Saturday, December 27, 2008

Tokyo Confidential Is Officially Dead(?)

Tokyo Confidential, the Japan Times column that “summarizes articles appearing in vernacular tabloids”, had been caught up in the Mainichi’s WaiWai controversy. I argued at the time that Tokyo Confidential and WaiWai were very different animals and that the former would be safe from serious repercussions. So I was surprised to hear from PS that TC had been suspended pending “editorial review”. Much later, last Sunday, PS gave me information from an unimpeachable source stating that the Sunday JT would be carrying a notice that the Tokyo Confidential would be discontinued and that the notice would include an apology to the magazines for their unauthorized use. Unfortunately, I couldn’t find the notice on the otherwise content-rich online JT, but I’ll take it on faith that it appeared on the realpaper version.

So much for my powers of prediction.

Now, the original source also claimed that some magazines were willing to let JT use summaries of their material but they attached such onerous conditions that JT decided that it wouldn’t be worth the trouble. So my reasoning behind my optimism, that is, the distinction between the two features, still appears to stand. It would be interesting to know just what those conditions were, though, since there must be a level of paraphrasing and even direct quotes that would have enabled JT to clear the fair use threshold, with or without permission. Note that a not insignificant portion of international news in the mainstream dailies is generated by trawling the websites of CNN, NYT, WaPo, ad nauseum.

Here’s something that might shed some light on the weekly magazines’ concerns. You may be aware that Sankei’s Japanese-only website continues to carry many reports that would have belonged solidly in the now-defunct TC or even WaiWai, but nobody to the best of my knowledge is raising a ruckus. But Sankei, the relatively recent online affiliate of MNS, is an anomaly. The Sankei website is uncommonly rich in regard to content, including (from my perspective) verbatim reports of the Prime Minister’s press briefings, official and unofficial, in full. It also stands in stark contrast to the other dailies for its generosity regarding access to its archives. Asahi is at the other extreme, maltreating even its paid subscribers. Tabloids and weeklies guard their contents even more jealously. All this lends credence to the original source’s explanation for the TC’s demise. Still, it would be interesting to know just what those conditions were.


Durf said...

The "onerous conditions" bit rings quite true with me. The publisher where I work deals with the publishers of original Japanese content that we translate for our magazine. They're generally happy to let us translate and print stuff on paper, but when it comes to the scary world of electrons and .html suffixes they get very shy. Rather than navigate the morass of "this company says no, this company lets us print excerpts, and this one says fine, but only for a year" we just produce our own summaries and go with those.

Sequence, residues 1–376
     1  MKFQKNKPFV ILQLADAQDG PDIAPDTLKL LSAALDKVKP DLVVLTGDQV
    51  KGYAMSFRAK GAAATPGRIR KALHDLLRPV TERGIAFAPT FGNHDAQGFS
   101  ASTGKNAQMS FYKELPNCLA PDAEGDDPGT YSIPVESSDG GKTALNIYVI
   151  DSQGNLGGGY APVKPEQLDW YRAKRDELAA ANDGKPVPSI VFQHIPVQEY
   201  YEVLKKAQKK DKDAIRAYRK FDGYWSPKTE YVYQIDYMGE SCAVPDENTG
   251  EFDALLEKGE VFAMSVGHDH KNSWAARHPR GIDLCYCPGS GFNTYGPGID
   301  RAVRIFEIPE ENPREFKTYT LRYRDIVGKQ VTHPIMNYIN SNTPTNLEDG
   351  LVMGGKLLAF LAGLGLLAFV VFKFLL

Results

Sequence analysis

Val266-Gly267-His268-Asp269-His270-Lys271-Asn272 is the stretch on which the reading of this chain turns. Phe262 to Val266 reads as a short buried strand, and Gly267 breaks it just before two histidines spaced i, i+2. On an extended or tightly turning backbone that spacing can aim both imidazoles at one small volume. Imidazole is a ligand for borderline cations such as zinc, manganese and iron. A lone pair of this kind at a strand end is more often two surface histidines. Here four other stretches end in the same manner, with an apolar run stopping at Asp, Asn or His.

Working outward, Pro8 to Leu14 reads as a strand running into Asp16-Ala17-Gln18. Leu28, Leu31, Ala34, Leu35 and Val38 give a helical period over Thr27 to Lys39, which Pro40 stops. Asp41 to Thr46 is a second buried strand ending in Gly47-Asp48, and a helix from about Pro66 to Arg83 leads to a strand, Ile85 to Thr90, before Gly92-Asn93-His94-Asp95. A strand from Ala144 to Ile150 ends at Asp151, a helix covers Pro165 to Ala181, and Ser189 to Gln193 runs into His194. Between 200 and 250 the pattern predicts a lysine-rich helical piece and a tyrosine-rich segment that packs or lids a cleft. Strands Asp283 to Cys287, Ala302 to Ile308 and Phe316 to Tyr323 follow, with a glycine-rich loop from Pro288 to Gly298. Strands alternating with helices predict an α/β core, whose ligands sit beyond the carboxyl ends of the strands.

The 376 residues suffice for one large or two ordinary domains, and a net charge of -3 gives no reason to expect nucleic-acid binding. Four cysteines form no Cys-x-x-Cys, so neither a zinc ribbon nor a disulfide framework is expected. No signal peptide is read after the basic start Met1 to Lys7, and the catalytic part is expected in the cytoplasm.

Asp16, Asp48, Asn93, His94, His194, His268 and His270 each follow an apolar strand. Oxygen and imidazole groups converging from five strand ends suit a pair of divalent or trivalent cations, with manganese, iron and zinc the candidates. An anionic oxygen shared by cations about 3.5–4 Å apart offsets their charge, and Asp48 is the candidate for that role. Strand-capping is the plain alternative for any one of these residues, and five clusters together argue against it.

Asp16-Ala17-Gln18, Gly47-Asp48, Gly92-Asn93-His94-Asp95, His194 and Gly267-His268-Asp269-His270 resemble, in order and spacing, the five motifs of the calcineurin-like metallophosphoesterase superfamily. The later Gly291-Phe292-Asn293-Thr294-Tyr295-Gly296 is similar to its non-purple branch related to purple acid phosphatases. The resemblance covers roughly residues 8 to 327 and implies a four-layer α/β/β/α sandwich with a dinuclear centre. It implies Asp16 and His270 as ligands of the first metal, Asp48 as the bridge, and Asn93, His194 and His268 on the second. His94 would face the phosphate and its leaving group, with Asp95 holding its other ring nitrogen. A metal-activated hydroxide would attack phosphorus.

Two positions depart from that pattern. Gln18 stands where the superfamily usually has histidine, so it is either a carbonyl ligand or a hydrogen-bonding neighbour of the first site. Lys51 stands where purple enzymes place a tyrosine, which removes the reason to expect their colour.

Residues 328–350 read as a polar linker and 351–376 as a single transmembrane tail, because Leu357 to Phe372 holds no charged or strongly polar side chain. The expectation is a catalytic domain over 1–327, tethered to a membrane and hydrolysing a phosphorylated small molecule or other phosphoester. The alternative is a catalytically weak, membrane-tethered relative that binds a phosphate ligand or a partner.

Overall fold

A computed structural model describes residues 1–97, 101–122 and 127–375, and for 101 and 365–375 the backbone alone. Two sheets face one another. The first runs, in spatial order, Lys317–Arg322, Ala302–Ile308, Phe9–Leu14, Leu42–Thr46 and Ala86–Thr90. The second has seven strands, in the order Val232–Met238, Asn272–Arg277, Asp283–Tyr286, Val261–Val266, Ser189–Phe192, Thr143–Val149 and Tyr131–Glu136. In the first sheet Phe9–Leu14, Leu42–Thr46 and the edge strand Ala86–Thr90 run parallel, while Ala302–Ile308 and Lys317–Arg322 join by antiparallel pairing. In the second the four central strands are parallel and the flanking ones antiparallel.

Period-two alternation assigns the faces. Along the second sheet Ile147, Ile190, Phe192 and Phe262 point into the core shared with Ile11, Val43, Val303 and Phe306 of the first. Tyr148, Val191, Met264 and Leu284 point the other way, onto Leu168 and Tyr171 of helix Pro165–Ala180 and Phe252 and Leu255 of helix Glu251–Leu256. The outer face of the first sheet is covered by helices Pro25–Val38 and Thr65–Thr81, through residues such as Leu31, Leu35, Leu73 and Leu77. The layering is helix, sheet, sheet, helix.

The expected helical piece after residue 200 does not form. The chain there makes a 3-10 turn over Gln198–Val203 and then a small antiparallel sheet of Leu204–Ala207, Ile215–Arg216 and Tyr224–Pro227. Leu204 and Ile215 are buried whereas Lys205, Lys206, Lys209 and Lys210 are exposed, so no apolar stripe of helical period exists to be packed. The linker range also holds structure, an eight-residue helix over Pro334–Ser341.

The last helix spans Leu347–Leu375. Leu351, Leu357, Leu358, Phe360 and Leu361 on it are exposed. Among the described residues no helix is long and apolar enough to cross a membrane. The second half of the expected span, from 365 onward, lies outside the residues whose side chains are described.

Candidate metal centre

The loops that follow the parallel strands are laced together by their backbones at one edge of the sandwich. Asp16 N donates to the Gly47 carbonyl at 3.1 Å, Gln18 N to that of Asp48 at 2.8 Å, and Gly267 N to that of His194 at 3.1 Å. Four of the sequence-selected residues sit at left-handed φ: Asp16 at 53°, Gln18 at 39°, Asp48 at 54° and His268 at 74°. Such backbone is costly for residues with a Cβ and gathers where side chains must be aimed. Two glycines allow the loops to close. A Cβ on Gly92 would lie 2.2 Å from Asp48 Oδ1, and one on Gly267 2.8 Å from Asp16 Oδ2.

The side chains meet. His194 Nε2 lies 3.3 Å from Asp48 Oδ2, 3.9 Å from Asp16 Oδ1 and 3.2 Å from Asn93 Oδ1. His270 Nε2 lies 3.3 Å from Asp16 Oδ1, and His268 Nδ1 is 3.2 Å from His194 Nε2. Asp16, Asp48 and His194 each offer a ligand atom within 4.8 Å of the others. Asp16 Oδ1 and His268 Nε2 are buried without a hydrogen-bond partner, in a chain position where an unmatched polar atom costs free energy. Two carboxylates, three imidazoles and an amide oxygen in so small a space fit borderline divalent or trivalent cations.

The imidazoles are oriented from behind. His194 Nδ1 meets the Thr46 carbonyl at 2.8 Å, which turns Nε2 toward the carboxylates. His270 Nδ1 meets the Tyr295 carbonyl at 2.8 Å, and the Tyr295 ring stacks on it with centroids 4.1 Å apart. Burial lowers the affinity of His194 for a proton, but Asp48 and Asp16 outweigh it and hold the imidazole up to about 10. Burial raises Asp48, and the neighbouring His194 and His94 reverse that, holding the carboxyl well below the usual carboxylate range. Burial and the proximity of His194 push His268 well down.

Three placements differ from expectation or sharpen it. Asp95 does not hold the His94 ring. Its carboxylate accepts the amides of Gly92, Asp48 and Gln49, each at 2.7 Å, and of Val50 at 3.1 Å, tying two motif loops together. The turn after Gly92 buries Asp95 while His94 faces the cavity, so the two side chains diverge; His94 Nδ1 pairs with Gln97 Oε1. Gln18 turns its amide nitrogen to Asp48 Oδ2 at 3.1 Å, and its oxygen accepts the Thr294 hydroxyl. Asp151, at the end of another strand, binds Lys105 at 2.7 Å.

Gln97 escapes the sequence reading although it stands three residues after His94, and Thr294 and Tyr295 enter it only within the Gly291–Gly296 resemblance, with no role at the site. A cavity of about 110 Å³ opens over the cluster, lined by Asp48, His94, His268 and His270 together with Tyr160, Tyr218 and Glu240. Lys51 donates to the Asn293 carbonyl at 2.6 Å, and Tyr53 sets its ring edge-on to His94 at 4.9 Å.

We sometimes get authors who refuse to give us permission to translate and publish, but those are much less common. Writers love seeing their words in print even if publishers see it as lost revenue for some reason.

Jun Okumura said...

Durf: Interesting to hear that your experience gibes with that of TC. The Japanese media’s online strategy should be studied in detail and experts probably are doing it already. Too bad I don’t have the time to look around. It would be interesting to compare the situation with those of other countries.

Incidentally, my knowledge of copyright law is less than spotty, but I assume you’re putting enough distance between the wording and phrasing in the originals and those of your summaries that your output won’t be regarded as a translation.

Durf said...

Yes, there's plenty of distance there. Usually the summary is done by someone who hasn't translated or edited the piece in question, and is simply producing a 100-word synopsis of the 3,000-word article without looking at the original Japanese in the process.

Adamu at Mutantfrog and W. David Marx at his various sites have looked at restrictive Japanese approaches to translation and copyright in the past, but I don't think there's a single repository where you could go look at all that content at once.

One of my favorite J. newpaper sites used to be the 佐賀新聞, which had all its articles online going all the way back to the mid-1990s. I think they got in trouble with the folks at Kyodo and so on for leaving all the wire reports there as well.

(Reposting this with a corrected name spelling; please zap the previous one.)

Jun Okumura said...

Yes, Durf, I’ve noticed in the past that years-old wires could sometimes be found in local newspapers too. So I guess that’s a thing of the past, now that Kyodo has caught on.

I think that a comparative study of the very different Internet strategies of the U.S. and Japanese media would be the perfect subject for a bilingual graduate student.